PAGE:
Shampoo is a regular item on most people's household shopping list. What makes us pick one shampoo over another at the supermarket? For some people, aside from performance or even marketing, it might be the brand's track record on ethical issues such as the environment and labour and animal impacts.
CHOICE has partnered with Good On You, an organisation that assesses the ethical and
sustainability performance for a range of consumer goods, to rate 63 brands of shampoo, including Pantene, Dove, Garnier and Tresemme.
What's in this article?
How we chose the brands for ratings:
Due to the wide range of shampoo brands on the Australian market we simply
could not rate them all. Instead, brands were chosen because they met one of the following criteria:
They were readily available in a range of stores including pharmacies, department stores and specialist retailers.
They marketed themselves as more sustainable and ethical.
Our testers used publicly available information to assess how each shampoo brand performs on the following issues:
Labour rights These include policies and practices on child
labour, forced labour, worker safety, freedom of association (the
right to join a union) and payment of a living wage. The brand's
supplier relationships and auditing practices are also
Environmental impact These include the brand's resource use and
disposal, energy use and greenhouse gas emissions, impacts on
water, chemical use and disposal.
Animal impact These include whether the brand uses any animal
products in its products and if so, whether the brand is
transparent about where it sources it from. It also addresses
whether the brand conducts tests on animals.
Good On You conducted extensive research to determine which issues we
should consider under the three headline issues of environment, labour and
animals. This research included identifying, reviewing and evaluating:
- existing rating methodologies
31 relevant standards systems and certification schemes that apply
to one or more of the headline issues for either shampoo products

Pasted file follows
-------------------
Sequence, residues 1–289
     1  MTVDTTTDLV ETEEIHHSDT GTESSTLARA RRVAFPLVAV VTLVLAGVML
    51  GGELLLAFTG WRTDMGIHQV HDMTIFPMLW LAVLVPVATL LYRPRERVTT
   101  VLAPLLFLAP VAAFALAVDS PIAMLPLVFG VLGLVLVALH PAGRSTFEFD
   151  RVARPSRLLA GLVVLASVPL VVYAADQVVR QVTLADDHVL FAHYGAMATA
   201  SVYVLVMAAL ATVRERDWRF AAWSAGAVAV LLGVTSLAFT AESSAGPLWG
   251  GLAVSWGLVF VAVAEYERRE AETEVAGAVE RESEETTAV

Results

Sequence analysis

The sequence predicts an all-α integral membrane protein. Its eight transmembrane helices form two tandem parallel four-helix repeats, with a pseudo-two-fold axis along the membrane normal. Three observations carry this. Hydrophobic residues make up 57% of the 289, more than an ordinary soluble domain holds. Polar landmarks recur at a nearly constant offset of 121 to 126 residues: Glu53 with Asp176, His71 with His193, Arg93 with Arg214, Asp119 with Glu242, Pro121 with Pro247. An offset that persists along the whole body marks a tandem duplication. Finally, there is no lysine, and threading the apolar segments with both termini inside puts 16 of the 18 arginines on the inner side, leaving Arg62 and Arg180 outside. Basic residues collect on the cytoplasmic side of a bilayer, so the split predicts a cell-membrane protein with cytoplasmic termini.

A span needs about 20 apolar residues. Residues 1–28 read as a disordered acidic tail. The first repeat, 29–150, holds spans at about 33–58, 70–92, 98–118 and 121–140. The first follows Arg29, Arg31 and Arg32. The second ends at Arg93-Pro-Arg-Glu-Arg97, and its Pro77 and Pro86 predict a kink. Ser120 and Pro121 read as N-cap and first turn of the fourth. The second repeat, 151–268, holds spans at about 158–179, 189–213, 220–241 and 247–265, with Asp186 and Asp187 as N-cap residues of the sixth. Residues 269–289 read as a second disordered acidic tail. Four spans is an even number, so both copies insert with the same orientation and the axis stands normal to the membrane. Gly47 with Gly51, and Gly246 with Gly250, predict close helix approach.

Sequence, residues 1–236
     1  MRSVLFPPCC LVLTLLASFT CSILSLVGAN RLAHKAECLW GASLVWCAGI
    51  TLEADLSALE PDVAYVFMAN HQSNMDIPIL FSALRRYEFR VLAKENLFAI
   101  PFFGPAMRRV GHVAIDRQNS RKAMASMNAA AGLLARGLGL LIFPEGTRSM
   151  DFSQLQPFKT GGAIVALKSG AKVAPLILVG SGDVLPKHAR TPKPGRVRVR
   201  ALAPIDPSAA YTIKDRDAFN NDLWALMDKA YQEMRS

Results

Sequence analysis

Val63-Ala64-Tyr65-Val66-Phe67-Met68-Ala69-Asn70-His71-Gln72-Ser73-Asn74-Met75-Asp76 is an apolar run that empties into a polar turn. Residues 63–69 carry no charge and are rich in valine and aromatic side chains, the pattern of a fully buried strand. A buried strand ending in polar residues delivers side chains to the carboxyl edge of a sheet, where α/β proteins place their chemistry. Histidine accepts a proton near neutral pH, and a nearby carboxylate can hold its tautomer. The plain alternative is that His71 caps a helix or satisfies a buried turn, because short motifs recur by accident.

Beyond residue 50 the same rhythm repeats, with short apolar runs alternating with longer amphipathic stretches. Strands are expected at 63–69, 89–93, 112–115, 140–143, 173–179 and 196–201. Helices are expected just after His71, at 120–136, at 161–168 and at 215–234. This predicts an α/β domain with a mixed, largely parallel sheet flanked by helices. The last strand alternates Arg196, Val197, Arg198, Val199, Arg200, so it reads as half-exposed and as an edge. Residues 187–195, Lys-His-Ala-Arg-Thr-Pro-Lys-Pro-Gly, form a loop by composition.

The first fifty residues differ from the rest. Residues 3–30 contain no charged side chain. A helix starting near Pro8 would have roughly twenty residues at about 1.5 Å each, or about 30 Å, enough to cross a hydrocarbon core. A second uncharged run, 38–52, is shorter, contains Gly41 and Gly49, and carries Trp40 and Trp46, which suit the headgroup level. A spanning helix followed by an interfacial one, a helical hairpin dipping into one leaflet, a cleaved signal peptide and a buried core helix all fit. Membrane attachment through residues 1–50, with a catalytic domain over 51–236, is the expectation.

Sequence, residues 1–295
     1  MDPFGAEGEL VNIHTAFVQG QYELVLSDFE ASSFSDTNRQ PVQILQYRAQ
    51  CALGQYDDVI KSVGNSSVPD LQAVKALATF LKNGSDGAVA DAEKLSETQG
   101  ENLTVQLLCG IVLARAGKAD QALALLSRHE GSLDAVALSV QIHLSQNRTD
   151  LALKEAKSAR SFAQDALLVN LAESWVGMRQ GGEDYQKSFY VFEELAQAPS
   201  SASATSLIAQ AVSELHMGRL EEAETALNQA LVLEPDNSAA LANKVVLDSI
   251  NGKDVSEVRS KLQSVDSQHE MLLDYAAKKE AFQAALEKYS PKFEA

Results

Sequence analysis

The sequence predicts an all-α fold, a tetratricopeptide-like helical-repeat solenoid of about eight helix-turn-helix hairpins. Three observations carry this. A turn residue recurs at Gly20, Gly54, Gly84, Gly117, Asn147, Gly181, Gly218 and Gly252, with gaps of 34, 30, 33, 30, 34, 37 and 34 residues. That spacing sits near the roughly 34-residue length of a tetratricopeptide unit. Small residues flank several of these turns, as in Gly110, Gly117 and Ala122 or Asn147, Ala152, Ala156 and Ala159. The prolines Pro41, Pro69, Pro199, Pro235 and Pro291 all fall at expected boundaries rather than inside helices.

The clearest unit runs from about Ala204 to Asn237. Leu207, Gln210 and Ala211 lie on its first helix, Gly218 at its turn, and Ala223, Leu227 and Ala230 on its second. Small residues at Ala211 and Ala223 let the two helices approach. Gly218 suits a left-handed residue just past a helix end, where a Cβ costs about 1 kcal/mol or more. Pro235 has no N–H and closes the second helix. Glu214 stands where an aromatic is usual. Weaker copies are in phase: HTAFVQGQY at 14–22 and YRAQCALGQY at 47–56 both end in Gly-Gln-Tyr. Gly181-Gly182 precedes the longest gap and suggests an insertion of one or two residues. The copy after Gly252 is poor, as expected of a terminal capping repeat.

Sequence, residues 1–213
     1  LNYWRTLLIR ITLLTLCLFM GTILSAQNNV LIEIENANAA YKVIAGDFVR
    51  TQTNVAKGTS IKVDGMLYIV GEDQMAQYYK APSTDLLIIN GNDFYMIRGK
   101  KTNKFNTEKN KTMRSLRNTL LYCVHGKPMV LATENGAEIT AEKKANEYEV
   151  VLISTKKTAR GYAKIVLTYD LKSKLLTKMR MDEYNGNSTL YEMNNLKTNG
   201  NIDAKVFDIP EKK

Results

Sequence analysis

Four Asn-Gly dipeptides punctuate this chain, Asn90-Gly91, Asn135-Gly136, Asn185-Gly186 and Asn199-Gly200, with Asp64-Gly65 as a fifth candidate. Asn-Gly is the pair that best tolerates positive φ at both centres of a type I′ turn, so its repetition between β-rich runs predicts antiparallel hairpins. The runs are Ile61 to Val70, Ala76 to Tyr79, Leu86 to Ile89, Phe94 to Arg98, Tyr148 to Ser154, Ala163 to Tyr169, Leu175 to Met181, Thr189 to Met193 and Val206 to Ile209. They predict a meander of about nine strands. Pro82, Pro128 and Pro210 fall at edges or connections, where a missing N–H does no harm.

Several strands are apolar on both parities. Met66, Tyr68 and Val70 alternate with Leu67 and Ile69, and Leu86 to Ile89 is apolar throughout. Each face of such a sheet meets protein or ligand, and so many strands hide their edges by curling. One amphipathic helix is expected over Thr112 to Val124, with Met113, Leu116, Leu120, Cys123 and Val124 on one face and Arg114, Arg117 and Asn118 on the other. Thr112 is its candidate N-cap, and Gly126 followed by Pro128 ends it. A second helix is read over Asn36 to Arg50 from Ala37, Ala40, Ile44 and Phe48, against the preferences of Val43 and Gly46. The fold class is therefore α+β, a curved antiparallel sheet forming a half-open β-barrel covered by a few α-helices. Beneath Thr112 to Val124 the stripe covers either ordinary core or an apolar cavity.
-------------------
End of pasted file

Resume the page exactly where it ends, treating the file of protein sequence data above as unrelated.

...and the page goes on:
From this research, we identified these key issues to measure:
palm oil and its sources
packaging and end of use treatment of products
greenhouse gas measurement, targets, and emissions reduction
- policies and worker empowerment
low risk production
supply chain and auditing
We developed questions to address each issue.
For each question, our researchers assessed the potential magnitude of
the issue against the likelihood of it occurring. For example, if it is
highly likely that a shampoo brand has a specific impact on
the environment/labour/animals, and it has a high magnitude of impact, then
it would be weighted more heavily. An example of this would be the use of
hazardous chemicals which have a high magnitude of impact and a high
likelihood of occurring.
Small brands were excluded from
scoring for some of the climate change and and water criteria, for example measuring their GHG
emissions; and their environment score was based only on the weighted average
of their scores for resource and chemical use and the remaining climate change
and water questions. A brand was determined to be small based on its
domestic or international market exposure, whether it has a parent company,
and overall popularity based on a social media presence.
Gathering the information
Each brand was then researched individually to provide answers to the
questions. All information was gathered through publicly available
information, including from:
- the brand's website
- the brand's corporate sustainability report or that of its
- the identified standards systems and
Each brand was scored for each issue (based on the answers to the questions
relevant to that issue). Each brand was then given a score for each
headline area (labour, environment, animals) and overall.